Intravital microscopy (IVM) has been an invaluable tool for studying various mechanisms taken place in biological cells and tissues under natural physiological conditions including temperature, molecules gradient, oxygen, CO2 and pH concentration. IVM can be implemented by various imaging modalities including confocal scanning microscopy and multi-photon microscopy which measure excited light signals of fluorescent probes attached by target proteins. Since fluorescence imaging techniques measure light intensity, however, they have been lacking of quantitative information about biochemical and morphological properties of individual cells. In addition, since three-dimensional (3-D) images are obtained by axial stacking 2-D images, the limited acquisition speed hinders the video-rate 3-D imaging of cellular behaviors in live animals.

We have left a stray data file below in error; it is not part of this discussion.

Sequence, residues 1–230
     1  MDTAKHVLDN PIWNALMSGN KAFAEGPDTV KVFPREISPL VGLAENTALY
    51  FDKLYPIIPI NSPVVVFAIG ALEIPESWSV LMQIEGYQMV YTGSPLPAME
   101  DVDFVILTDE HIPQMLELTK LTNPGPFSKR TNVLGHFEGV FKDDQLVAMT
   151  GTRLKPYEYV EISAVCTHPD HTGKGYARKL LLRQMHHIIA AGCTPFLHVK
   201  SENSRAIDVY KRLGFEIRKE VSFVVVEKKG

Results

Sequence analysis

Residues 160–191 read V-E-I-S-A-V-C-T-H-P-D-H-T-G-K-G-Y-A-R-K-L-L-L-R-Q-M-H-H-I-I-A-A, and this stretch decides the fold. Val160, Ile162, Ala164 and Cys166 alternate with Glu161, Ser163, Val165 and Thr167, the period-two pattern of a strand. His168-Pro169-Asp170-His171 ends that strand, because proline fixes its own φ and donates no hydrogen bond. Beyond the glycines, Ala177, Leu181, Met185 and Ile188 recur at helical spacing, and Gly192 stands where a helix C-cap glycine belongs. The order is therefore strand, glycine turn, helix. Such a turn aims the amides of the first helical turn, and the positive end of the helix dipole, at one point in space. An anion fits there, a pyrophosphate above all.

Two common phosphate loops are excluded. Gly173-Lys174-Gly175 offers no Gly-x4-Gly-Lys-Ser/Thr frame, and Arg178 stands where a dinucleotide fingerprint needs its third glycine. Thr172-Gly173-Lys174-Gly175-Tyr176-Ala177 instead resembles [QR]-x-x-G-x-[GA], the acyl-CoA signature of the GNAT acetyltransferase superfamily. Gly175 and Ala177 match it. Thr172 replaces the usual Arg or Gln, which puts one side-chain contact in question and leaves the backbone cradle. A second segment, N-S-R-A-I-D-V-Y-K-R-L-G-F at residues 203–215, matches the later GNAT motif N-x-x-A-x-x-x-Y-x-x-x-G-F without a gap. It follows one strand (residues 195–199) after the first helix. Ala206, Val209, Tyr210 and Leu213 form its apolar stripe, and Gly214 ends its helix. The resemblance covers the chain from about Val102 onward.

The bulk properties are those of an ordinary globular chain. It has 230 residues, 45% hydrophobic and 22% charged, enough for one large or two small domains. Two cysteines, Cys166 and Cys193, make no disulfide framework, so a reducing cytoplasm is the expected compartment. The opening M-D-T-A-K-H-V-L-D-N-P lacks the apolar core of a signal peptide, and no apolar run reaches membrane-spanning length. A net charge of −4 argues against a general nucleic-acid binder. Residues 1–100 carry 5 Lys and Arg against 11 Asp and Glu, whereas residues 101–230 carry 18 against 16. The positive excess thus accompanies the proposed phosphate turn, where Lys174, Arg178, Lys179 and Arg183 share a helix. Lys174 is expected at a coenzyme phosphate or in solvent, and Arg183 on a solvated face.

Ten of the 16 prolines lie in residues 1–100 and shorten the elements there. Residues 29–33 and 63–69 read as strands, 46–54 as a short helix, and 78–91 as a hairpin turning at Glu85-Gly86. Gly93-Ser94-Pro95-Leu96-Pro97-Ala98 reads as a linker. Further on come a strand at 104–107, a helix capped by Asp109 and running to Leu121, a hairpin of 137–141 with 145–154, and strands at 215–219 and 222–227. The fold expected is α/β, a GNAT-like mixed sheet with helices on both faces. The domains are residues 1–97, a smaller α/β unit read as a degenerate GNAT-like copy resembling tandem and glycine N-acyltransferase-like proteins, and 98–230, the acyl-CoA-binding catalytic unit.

Here, we present a method to measure 2-D and 3-D quantitative phase imaging (QPI) of individual red blood cells (RBCs) flowing in the microvasculature of live mouse mesentery. QPI has been an emerging imaging technique which can measure optical phase delay of microscopic samples such as biological cells and tissues in label free. So far, various QPI techniques have been developed to study individual cells and tissues cultured in vitro, while in vivo QPI has remained unexplored due to multiple light scattering in tissues. We developed a post image-processing technique that remove the light scattering in tissues, and experimentally demonstrated that 2-D intravital QPI enables the investigation of the fluid dynamics of RBCs in capillaries of mouse mesentery and 3-D intravital optical diffraction tomography (ODT) measures chemical and morphological parameters of RBCs in capillaries. We expect the presented technique can be used for the in vivo investigation of various pathophysiological changes of RBCs inside micro-capillaries.